After Baier groused that he was “taking major incoming,” Carlson responded that “the last thing I want to do is make it worse, or even get involved.” However, he implored Baier and others to “see if there’s any way I could help calm viewers down. When Trump loses, he’s going to blame us. That’s going to be very bad.”
Elsewhere, the pair discussed how they could be “destroyed” by the network’s Arizona call. “I’ve got four more years here,” Carlson noted. “I’m stuck with Fox. Got to do whatever I can to keep our numbers up and our viewers happy.” Baier replied: “Yes.”
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The texts between Carlson and Baier stand in contrast to the respective reputations they cultivated at the network—with the former as the network’s leading right-wing firebrand seemingly at odds with the “hard news” side anchored by the latter.
And though Baier is often viewed as a consummate newsman, his texts here suggest a commitment to preserving a highly partisan, fact-averse audience over responsible newsgathering. (Meanwhile, the same day as his texts with Carlson, Baier texted a colleague to complain about Bartiromo’s fact-free claim that ballots were being switched from Trump to Biden overnight. “We have to prevent this stuff. While cover the real issues,” he wrote. “We need to fact check.”)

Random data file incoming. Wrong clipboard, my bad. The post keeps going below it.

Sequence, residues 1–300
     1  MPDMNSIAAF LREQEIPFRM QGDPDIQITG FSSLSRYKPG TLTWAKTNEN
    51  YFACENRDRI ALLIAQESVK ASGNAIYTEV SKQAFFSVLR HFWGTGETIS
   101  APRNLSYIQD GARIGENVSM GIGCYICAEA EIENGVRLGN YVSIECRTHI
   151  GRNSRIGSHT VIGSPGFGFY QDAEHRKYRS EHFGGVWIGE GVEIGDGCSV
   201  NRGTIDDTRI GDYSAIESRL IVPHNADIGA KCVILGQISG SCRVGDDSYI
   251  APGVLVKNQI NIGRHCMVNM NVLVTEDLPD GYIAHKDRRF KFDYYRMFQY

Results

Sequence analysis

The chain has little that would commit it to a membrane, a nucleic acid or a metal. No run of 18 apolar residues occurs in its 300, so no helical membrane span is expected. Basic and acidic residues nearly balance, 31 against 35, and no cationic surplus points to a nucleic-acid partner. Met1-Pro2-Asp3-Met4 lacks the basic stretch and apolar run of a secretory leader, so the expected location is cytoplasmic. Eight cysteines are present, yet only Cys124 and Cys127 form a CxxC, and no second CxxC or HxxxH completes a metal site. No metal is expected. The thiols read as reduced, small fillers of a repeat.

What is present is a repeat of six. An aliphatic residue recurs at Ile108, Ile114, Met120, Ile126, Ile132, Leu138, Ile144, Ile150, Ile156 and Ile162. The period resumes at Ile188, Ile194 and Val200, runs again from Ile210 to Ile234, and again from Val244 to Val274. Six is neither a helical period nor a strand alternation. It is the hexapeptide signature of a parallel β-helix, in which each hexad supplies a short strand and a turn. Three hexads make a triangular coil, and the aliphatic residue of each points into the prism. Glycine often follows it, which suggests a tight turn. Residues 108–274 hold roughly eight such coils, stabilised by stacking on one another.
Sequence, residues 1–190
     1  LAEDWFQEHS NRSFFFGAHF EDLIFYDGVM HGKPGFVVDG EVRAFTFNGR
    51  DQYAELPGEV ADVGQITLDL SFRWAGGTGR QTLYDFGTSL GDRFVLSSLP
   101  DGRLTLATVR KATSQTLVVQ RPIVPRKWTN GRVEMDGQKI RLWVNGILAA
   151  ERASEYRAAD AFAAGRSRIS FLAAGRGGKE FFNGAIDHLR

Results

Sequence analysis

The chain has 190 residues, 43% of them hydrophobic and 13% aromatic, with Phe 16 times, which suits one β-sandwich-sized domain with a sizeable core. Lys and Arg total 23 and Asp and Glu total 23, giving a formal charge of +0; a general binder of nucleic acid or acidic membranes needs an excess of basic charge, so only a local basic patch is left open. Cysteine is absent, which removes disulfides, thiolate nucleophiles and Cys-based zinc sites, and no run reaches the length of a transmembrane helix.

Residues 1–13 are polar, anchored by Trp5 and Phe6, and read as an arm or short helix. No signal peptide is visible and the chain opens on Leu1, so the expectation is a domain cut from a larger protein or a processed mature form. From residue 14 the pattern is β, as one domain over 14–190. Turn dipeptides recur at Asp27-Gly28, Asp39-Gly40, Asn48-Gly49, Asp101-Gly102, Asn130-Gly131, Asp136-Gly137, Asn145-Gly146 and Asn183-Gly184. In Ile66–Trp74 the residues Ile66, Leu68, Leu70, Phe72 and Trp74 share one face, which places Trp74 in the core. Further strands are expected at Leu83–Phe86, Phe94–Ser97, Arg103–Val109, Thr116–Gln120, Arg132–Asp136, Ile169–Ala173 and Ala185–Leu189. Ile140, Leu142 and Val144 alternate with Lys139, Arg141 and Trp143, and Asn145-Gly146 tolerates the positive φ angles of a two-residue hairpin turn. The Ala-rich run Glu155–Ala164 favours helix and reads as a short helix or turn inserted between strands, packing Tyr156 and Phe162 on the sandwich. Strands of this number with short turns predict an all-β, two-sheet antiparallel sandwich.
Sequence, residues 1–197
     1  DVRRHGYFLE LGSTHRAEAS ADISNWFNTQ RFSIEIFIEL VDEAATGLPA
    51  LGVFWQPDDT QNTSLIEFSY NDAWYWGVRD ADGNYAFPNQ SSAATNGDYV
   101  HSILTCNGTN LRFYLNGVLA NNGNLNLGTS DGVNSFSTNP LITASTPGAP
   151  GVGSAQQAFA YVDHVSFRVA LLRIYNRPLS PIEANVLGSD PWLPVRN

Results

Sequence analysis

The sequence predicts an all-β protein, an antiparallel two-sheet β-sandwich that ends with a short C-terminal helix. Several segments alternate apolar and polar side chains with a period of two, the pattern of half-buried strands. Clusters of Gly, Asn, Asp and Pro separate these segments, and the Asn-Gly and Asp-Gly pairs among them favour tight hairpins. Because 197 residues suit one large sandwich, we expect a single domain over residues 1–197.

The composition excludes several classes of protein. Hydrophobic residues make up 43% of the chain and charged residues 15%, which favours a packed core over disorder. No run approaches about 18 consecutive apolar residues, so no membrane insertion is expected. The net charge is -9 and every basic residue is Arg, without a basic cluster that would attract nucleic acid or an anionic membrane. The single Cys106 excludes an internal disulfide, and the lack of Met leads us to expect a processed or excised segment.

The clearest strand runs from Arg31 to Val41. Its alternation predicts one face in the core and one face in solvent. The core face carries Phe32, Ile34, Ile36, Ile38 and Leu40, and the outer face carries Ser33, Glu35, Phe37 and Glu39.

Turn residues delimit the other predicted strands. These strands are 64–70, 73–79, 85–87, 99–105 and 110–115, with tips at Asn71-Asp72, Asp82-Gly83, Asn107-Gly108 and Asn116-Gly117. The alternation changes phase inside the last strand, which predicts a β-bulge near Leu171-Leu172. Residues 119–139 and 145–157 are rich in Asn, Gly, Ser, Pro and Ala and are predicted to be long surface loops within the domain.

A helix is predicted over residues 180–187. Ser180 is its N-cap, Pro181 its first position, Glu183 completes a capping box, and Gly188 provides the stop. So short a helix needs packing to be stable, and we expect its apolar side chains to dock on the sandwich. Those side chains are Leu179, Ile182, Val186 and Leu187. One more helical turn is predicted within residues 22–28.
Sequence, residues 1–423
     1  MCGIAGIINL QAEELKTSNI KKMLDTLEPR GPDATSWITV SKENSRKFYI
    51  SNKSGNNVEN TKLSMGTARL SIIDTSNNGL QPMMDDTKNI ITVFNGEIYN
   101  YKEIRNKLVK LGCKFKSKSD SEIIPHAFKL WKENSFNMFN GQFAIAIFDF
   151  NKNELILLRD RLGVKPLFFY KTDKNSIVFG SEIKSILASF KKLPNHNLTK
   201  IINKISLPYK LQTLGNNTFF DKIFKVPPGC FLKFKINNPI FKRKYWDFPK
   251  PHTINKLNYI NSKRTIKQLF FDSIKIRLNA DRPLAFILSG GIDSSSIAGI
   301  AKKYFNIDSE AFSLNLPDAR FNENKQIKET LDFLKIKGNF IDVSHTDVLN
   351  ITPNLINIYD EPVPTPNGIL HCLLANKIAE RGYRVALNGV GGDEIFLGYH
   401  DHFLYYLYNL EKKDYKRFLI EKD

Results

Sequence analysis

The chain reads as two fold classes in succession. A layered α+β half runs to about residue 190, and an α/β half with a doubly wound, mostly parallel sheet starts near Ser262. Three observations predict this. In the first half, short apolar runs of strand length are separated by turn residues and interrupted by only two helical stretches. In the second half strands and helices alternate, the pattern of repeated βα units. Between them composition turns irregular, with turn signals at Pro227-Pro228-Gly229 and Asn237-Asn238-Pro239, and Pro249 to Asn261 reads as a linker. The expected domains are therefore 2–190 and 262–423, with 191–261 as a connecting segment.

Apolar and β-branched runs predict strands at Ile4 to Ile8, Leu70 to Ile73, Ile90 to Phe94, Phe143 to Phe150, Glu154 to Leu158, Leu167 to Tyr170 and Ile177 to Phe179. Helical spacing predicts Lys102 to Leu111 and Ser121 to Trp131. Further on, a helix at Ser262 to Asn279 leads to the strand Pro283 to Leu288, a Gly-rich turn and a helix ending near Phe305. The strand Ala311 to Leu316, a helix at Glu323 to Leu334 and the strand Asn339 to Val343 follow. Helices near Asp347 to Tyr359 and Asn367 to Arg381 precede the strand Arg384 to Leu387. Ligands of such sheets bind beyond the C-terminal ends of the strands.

And the seeming chumminess of their exchanges suggests a friendly relationship, even as Carlson later privately attacked the news side for “destroying” Fox with its election coverage, and suggested a key Fox News D.C. reporter should be fired.
Months later, of course, Baier’s public view of Carlson’s conspiratorial on-air rhetoric would become clear: The Special Report anchor aired multiple segments contradicting Carlson’s whitewashing of the Jan. 6 insurrection and, as NPR revealed, he expressed “concerns” directly to network brass about the primetime star’s docu-series loaded with false claims aimed at absolving participants in the MAGA mob violence.